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Daily Times

Published Date: Mar 13, 2016

CDA to plant 450,000 saplings in metropolis

ISLAMABAD: Capital Development Authority (CDA) plans to plant 450,000 saplings in the federal capital in collaboration with Non-Governmental Organisations (NGOs) and various institutions.
According to an official, out of 450,000 saplings, CDA would plant 300,000 saplings on its own. The saplings of Alestonia, Silver Oak, Legustornea, Argun and Gab bets etc would be planted in different areas of the federal capital.
While giving details, he said that CDA would also plant 225,000 plants in the rural areas of the city while 75,000 saplings would be planted in the urban areas particularly in different residential sectors, median strips of avenues, green belts along major highways and parks to eventually help enhance natural beauty of the federal capital.
CDA Chairman Maroof Afzal had already inaugurated the Spring Tree Plantation Campaign by planting a sapling at F9 Park.
Meanwhile, CDA is introducing biodegradable plastic bags for the collection of household garbage, which is a major step towards the elimination of plastic pollution from the capital city.
A sum of Rs 665 million has been allocated for developing infrastructure of sector C15 consisting of Mauza Sang Jani, Sarai Madhu and Sarai Kharbuza. The sector covering an area of 7,448 kanals has been acquired through an award announced on December 2, 2008 on Land Sharing Policy 2005.
CDA has vacated 1,000 Kanals of state land from illegal occupants as 80 percent landowners had been compensated. While remaining land owners have been asked through public notices to collect their rights and abandon the occupation in favour of CDA within 15 days so that development plan could be finalised. CDA has completed possession of land in sector C15 and C14 and fence is being erected to block encroachments.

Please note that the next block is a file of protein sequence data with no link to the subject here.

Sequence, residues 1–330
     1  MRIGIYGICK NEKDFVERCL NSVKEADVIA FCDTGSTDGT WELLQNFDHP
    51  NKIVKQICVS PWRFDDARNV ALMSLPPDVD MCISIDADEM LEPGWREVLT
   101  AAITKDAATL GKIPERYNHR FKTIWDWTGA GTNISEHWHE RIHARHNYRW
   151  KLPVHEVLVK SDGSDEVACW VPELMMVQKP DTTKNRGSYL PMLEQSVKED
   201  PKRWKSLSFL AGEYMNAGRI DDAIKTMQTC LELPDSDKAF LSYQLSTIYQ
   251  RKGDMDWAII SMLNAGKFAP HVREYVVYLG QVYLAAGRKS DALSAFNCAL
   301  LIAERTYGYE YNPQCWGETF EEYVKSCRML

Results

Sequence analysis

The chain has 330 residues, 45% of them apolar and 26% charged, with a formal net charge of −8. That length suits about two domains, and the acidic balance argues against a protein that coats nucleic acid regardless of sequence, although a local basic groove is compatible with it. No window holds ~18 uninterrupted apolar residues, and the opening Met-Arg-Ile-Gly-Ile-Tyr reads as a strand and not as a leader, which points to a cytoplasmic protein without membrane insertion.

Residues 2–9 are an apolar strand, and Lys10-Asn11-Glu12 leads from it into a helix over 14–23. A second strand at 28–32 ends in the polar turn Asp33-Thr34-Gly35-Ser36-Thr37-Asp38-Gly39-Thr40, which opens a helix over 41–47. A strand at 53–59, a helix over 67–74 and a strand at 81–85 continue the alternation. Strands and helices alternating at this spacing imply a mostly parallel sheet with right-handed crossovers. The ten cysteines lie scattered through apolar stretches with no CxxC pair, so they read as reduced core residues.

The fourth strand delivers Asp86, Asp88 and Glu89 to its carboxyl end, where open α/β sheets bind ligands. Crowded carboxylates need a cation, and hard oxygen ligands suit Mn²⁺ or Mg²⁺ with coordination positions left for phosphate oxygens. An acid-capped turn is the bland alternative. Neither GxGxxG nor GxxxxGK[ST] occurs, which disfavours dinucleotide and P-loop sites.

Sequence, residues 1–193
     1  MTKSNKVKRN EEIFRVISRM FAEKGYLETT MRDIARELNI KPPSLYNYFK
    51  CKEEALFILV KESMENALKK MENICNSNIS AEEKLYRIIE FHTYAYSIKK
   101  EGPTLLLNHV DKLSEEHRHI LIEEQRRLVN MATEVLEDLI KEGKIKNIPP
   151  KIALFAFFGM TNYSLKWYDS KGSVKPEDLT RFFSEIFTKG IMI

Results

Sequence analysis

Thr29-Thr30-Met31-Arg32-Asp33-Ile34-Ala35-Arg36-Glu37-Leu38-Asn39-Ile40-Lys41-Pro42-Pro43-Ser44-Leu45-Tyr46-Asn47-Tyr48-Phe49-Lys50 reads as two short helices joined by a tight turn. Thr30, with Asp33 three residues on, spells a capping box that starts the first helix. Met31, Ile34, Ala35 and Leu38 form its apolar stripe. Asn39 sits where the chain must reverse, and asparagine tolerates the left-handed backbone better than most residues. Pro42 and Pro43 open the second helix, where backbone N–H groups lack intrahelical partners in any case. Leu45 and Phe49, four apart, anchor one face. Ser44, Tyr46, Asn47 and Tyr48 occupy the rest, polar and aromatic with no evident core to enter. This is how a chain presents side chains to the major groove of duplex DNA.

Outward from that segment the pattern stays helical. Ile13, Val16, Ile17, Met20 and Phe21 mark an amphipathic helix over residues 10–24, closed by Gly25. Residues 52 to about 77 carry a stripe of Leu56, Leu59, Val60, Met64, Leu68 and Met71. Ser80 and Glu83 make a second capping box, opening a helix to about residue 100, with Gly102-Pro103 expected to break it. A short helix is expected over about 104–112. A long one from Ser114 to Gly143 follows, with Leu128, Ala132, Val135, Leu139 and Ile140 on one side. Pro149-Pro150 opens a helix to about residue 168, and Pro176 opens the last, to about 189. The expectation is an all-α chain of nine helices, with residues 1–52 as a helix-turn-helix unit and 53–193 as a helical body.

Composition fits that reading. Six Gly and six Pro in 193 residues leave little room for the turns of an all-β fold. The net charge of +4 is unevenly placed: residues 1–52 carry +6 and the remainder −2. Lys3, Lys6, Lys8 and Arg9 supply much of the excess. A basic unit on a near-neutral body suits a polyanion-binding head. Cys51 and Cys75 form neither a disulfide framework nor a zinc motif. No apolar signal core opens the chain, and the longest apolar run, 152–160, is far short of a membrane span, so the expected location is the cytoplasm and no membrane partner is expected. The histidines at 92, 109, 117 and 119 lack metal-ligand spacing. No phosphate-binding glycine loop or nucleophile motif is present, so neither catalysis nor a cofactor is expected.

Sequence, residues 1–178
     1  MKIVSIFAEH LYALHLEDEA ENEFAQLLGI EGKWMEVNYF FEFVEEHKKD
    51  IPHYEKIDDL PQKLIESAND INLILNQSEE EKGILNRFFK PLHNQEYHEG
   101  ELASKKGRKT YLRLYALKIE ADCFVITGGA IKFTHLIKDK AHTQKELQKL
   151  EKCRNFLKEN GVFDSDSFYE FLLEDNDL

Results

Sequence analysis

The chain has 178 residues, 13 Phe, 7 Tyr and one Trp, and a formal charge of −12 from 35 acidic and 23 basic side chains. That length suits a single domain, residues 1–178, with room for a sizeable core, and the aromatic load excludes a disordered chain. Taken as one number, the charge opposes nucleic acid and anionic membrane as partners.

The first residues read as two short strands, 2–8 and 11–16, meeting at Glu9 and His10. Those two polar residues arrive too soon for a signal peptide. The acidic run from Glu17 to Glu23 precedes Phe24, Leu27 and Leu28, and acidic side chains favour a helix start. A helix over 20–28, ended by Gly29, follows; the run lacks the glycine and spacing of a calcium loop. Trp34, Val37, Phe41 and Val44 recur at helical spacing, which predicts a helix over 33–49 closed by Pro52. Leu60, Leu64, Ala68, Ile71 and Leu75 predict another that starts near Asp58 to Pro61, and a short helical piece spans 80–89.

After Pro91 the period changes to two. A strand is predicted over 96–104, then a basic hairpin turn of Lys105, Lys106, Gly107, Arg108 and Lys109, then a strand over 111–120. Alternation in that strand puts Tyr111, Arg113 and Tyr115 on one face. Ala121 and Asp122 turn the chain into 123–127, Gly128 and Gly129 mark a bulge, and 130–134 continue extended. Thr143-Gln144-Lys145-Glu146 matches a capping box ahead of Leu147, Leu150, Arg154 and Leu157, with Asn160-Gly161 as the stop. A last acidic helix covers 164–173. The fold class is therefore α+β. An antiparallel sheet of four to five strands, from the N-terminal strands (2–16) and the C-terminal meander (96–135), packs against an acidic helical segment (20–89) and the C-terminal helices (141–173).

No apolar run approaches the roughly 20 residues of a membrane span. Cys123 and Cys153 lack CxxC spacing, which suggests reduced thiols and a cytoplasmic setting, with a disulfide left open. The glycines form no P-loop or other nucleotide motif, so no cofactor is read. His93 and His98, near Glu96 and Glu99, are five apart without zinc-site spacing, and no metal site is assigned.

On a separate note, rapid cutting of trees in the federal capital is causing a major environmental degradation and the situation may further deteriorate in the coming years if attention is not paid to the issues related to climate change.
Sustainable Policy Development Institute (SDPI) leading environmental expert Kashif Salik said that the trees play a critical role in regulating climate through the means of carbon cycle.
While expressing serious concern over the fast illegal cutting of trees, he said that the residents of slums are fully relying on firewood for cooking and keeping themselves warm in the winter season.
He further said that the tree cutting in the capital is harmful for the environment and pollution could reach at alarming levels if Capital Development Authority (CDA) does not plant more trees in the capital city and its surroundings. Lack of trees could also cause diseases such as sunstrokes and headaches, he added. Kashif said that after seas, forests are the second largest storehouse of carbon adding that the trees remove carbon from the atmosphere as they grow while storing carbon in leaves, woody tissue, roots and organic matter in soil.
He said that the provision of alternative source of energy to the slum dwellers could greatly help protect vegetative cover that is a vital ingredient of natural environment.
Pakistan Environmental Protection Agency’s senior official said that due to widespread cutting of trees and rapid urbanisation, the temperature in the capital city has started to regularly cross 46 degrees in summer season.
He said that the environment in the capital city is deteriorating because of new constructions and uprooting of trees.Source: